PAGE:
How does the Bibchat work?
On the first Monday of each month between 8:00 pm and 9:00 pm German time we, the team (link in German) behind the Twitter account @bibchatde (Follow @BibChatDE), host a discussion on Twitter with everyone who is interested in libraries. The discussion topics are being selected in a vote of the Twitter community. On bibchat.de (link in German) we introduce the selected subject prior to the live Bibchat. Thus, it is possible to prepare for the discussion, if one wants to. Each time two of us act as the facilitators of the evening. After a short introduction of the participants, the discussion begins. At @bibchatde we publish several questions in the course of the one hour. If one wants to answer question F1, this is done by beginning the tweet with “A1”. All tweets should contain the hashtag #BIBchatDE.
After each Bibchat the hosts compile a retrospect for the blog. Furthermore they prepare the discussion clearly arranged to reread it on Storify. All tweets containing the hashtag #BIBchatDE are recorded in the Bibchat archive.
How was the Bibchat developed?
From the idea through to implementation it took about one year. We were inspired by the #EDchatDE, a Twitter chat aiming at teaching staff. The first initiative for Bibchat was born during the Bibliothekskongress (Library Congress) in March 2016. In a Bibcamp session in Stuttgart it was formulated more precisely. The professional association Berufsverband Information Bibliothek (BIB) supported us with the technical implementation. In April 2017 the first Bibchat was ready to start.
What is the aim of the Bibchat?
With Bibchat we do not only want to intensify the direct interaction with colleagues, which is already done elsewhere. Our aim is to use Twitter’s wider coverage to raise the awareness of a broader public and to initiate discussions in the public on library subjects as well as on socially relevant topics that are interesting for libraries.
Another aspect is interdisciplinary networking and the development of supra-regional contacts. Twitter is not suitable for in-depth discussions of subjects. In fact we want to stimulate the debate and connect people with similar questions and interests.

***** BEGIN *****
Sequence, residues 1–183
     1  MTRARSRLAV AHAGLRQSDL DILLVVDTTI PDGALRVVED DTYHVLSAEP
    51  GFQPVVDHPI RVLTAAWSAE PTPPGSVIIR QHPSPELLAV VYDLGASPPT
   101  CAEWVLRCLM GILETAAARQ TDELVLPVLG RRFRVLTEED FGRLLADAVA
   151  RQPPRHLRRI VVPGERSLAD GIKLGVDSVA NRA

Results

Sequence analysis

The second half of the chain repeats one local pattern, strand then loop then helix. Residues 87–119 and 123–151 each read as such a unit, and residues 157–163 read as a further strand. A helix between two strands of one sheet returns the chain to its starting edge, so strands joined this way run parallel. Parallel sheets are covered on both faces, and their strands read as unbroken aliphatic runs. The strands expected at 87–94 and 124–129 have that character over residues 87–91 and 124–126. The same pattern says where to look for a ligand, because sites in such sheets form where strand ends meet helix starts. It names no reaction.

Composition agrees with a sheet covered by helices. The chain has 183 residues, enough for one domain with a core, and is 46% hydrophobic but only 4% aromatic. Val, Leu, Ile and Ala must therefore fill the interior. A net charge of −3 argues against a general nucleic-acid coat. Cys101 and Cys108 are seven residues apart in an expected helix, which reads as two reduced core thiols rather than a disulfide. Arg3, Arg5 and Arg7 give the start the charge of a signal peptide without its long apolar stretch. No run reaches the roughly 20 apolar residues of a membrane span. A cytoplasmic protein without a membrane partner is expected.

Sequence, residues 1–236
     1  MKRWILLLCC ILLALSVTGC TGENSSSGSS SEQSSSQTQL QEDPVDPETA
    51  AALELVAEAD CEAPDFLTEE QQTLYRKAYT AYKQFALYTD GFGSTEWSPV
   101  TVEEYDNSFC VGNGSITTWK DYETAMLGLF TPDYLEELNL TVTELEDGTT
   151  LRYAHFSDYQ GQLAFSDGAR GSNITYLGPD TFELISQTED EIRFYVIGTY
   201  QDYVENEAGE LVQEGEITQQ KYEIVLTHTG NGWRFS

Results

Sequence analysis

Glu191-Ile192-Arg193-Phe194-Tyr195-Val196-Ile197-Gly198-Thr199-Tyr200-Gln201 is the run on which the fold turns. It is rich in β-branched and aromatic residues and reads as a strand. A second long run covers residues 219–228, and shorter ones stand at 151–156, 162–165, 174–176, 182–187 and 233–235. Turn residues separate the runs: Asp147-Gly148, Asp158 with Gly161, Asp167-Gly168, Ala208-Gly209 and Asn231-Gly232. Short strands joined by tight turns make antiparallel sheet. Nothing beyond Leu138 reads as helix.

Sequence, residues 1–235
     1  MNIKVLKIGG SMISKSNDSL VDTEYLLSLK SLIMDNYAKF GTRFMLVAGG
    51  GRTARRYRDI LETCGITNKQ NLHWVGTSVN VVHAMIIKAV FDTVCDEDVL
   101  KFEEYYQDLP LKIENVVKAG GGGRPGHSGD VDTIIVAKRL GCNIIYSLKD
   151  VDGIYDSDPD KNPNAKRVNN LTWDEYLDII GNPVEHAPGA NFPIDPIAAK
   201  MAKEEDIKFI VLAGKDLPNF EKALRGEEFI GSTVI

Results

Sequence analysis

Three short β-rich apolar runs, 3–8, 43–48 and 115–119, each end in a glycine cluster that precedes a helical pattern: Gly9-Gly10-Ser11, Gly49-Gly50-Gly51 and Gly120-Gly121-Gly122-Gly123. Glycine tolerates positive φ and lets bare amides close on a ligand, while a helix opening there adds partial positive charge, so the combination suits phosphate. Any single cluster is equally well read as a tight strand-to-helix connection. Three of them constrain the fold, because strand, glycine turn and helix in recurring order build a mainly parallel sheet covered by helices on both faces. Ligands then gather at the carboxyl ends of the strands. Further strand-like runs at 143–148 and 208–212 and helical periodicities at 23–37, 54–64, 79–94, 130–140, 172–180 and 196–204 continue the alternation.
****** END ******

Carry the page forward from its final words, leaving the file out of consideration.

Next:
What are our experiences?
The first Bibchat was aimed at intriguing a broad public and was started with a low threshold question: “Why do we still need libraries? We already have Google!” The subjects of the other chats were more specific: Change in libraries, networking in communities, library as a location, work 4.0 und social media.
There were between 50 and 100 Twitter users actively participating in each chat so far. The majority of them works in libraries but there were also participants with other professional backgrounds, including patrons who help us to understand their view on libraries. There were also library apprentices and students taking part in the discussion. We welcome this as thus another area for communication between young professionals and experienced professionals emerges.
What are our future plans?
When subjects beyond our expertise are selected, we plan to invite experienced experts to host the Bibchat for one evening. These could for instance be colleagues working in academic libraries or as well people working in other areas than libraries, who invite their own community to participate at the Bibchat.
The Bibchat is meant as a platform for discussions. Everyone is invited to participate and to introduce her or his perspective. That is why we welcome the participation of many people: Colleagues, patrons, cooperation partners, decision-makers and anyone who is interested in libraries.
The Bibchat was started off by Dirk Ehlen (Competence Centre for public libraries in North Rhine-Westphalia), Tanja Erdmenger (Lector at Munich Municipal Library), Marlene Neumann (Responsible for library development, quality management and digital media at Erlangen Municipal Library) and Stephan Schwering (Head of the central library of Düsseldorf Municipal Libraries).
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